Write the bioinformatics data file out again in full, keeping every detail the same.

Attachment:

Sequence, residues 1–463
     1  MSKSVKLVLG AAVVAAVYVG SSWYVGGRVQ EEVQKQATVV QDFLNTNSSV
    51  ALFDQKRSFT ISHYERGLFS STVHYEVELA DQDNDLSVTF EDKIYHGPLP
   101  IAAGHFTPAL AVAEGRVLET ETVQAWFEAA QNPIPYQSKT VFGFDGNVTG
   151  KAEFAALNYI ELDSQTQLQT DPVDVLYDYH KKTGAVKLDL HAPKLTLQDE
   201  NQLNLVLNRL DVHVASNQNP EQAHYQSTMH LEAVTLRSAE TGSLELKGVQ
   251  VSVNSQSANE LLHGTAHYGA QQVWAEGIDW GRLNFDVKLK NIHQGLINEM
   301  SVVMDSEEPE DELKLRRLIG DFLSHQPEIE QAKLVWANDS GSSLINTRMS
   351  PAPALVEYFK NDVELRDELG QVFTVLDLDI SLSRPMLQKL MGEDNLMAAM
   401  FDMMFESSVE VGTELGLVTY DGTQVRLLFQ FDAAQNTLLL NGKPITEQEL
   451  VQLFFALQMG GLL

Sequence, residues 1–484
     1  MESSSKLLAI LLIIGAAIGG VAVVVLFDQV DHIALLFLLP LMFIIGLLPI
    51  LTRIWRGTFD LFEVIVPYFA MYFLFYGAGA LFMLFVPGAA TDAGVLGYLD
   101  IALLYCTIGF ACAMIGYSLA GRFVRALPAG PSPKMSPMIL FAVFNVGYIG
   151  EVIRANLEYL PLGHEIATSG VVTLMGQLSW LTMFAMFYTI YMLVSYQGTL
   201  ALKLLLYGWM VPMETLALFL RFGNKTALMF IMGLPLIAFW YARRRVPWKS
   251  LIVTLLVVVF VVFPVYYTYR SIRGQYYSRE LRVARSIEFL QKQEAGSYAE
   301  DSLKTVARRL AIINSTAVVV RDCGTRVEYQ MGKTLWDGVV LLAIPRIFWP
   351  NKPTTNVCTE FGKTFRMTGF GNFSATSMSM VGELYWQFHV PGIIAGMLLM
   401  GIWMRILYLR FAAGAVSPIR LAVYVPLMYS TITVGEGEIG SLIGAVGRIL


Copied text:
Sequence, residues 1–463
     1  MSKSVKLVLG AAVVAAVYVG SSWYVGGRVQ EEVQKQATVV QDFLNTNSSV
    51  ALFDQKRSFT ISHYERGLFS STVHYEVELA DQDNDLSVTF EDKIYHGPLP
   101  IAAGHFTPAL AVAEGRVLET ETVQAWFEAA QNPIPYQSKT VFGFDGNVTG
   151  KAEFAALNYI ELDSQTQLQT DPVDVLYDYH KKTGAVKLDL HAPKLTLQDE
   201  NQLNLVLNRL DVHVASNQNP EQAHYQSTMH LEAVTLRSAE TGSLELKGVQ
   251  VSVNSQSANE LLHGTAHYGA QQVWAEGIDW GRLNFDVKLK NIHQGLINEM
   301  SVVMDSEEPE DELKLRRLIG DFLSHQPEIE QAKLVWANDS GSSLINTRMS
   351  PAPALVEYFK NDVELRDELG QVFTVLDLDI SLSRPMLQKL MGEDNLMAAM
   401  FDMMFESSVE VGTELGLVTY DGTQVRLLFQ FDAAQNTLLL NGKPITEQEL
   451  VQLFFALQMG GLL

Sequence, residues 1–484
     1  MESSSKLLAI LLIIGAAIGG VAVVVLFDQV DHIALLFLLP LMFIIGLLPI
    51  LTRIWRGTFD LFEVIVPYFA MYFLFYGAGA LFMLFVPGAA TDAGVLGYLD
   101  IALLYCTIGF ACAMIGYSLA GRFVRALPAG PSPKMSPMIL FAVFNVGYIG
   151  EVIRANLEYL PLGHEIATSG VVTLMGQLSW LTMFAMFYTI YMLVSYQGTL
   201  ALKLLLYGWM VPMETLALFL RFGNKTALMF IMGLPLIAFW YARRRVPWKS
   251  LIVTLLVVVF VVFPVYYTYR SIRGQYYSRE LRVARSIEFL QKQEAGSYAE
   301  DSLKTVARRL AIINSTAVVV RDCGTRVEYQ MGKTLWDGVV LLAIPRIFWP
   351  NKPTTNVCTE FGKTFRMTGF GNFSATSMSM VGELYWQFHV PGIIAGMLLM
   401  GIWMRILYLR FAAGAVSPIR LAVYVPLMYS TITVGEGEIG SLIGAVGRIL